NORTH Antrim people and others from across Northern Ireland are now being hit harder in the pocket for offending.
Individuals from the area are now having to pay more for offences and for example a Mosside man was fined £250 but that was put up to £265 because of the £15 ‘offender levy’.
The levy is for offences committed after June 6 this year.
The offender levy came into force in Northern Ireland on June 6 along with powers for police officers to issue fixed-penalty notices.
The levy is expected to raise £500,000 a year, which will be used to support victims of crime. All adult offenders will pay between £5 and £50 into a dedicated Victims of Crime Fund as part of their sentence or fine.
It will be applied at £5 for police fixed-penalty notices and £15 for court fines. For prison sentences, offenders serving up to two years will pay £25 a year and the rest £50 a year.
Prisoners who refuse to pay the levy will have the funds deducted from their prison earnings.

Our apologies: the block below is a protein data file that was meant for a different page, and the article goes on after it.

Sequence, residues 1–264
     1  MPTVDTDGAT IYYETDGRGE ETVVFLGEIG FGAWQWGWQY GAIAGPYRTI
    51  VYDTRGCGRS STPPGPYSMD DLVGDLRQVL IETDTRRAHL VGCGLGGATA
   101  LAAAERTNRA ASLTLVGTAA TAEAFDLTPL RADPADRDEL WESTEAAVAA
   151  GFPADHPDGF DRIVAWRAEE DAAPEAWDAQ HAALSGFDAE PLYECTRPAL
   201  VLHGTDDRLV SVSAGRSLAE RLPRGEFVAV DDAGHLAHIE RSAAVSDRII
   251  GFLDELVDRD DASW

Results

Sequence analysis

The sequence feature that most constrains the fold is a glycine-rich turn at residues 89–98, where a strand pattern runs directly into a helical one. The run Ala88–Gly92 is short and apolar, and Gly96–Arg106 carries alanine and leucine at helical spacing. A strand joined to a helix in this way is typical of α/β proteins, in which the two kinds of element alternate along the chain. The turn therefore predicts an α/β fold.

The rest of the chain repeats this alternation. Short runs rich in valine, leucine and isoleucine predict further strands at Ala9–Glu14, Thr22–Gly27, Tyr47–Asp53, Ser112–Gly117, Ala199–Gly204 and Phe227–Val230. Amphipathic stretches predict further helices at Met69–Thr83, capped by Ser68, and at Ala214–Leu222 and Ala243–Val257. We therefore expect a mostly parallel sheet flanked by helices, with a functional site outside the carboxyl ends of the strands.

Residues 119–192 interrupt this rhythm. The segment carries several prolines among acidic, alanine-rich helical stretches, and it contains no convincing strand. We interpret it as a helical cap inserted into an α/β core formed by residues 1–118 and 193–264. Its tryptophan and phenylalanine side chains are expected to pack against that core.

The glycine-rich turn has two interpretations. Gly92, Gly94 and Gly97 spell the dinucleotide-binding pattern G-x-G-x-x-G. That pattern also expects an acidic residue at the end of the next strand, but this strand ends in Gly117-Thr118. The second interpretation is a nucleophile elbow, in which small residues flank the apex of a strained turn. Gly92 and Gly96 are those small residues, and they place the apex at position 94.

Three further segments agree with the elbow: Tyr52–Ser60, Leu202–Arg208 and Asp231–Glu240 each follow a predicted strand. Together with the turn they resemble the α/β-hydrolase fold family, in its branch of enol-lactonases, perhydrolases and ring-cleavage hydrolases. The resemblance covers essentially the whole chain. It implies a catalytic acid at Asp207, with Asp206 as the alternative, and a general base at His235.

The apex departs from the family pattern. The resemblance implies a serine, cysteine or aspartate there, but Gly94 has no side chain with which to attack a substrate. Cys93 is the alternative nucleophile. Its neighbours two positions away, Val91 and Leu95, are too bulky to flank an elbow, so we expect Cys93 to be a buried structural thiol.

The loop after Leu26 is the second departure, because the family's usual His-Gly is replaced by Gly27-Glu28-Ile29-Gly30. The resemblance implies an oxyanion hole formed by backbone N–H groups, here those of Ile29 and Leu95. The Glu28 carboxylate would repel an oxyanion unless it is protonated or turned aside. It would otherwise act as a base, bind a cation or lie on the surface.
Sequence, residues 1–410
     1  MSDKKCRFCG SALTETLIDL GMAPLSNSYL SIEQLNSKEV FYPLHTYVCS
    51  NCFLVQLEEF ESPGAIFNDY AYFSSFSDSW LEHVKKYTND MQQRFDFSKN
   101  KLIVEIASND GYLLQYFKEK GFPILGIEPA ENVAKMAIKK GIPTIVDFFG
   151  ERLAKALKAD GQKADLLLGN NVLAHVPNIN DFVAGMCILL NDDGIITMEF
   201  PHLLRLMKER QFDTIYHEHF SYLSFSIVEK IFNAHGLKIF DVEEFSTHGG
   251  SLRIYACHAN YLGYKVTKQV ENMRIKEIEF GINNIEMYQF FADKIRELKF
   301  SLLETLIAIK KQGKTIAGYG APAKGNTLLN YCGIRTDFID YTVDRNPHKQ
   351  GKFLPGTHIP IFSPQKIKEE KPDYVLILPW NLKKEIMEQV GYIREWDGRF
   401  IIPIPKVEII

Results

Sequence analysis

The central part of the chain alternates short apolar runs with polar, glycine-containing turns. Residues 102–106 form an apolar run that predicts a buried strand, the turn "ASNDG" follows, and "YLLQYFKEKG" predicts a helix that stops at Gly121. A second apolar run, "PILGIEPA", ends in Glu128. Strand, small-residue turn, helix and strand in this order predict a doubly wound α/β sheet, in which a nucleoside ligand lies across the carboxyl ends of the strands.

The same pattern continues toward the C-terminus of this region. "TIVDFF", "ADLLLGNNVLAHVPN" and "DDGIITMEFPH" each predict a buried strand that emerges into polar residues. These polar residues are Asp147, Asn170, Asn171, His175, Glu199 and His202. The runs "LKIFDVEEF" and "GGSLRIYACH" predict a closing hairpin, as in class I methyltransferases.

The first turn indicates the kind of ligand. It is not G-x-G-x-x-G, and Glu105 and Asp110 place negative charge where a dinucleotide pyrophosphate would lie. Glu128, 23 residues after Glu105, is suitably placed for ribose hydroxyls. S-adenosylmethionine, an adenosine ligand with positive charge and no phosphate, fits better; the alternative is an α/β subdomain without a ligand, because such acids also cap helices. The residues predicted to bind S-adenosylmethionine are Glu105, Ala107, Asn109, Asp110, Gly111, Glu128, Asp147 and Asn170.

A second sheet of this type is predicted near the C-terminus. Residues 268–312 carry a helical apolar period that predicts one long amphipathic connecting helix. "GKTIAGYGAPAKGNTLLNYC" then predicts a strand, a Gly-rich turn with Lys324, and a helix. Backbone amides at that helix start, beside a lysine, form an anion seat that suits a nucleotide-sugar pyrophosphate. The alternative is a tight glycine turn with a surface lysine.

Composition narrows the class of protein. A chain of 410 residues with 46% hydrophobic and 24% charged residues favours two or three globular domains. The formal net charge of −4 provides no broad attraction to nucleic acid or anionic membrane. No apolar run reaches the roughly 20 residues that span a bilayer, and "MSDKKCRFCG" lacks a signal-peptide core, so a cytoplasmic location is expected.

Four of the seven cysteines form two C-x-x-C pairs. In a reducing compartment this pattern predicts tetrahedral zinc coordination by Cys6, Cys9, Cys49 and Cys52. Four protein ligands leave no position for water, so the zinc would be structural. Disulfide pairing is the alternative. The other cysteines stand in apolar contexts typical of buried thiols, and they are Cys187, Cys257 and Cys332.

The fixed-penalty notices will charge first-time offenders between £40 and £80 for offences such as public drunkenness, disorderly behaviour and minor shoplifting. It is estimated they will result in 1,500 fewer people going to court each year, making the justice system quicker and more efficient.
Justice minister David Ford said: “There is no such thing as a victimless crime and the imposition of this levy will reinforce to the offender the impact their actions have on others.
“The government already invests significant resources in delivering quality services to victims of witnesses of crime. Money generated from the offender levy will provide an additional revenue stream to be used solely for victim and witness services.”
Provisions for the levy and fines are contained in the Justice Act (Northern Ireland), which was approved by the Northern Ireland Assembly last year. The levy applies to offences committed on or after June 6.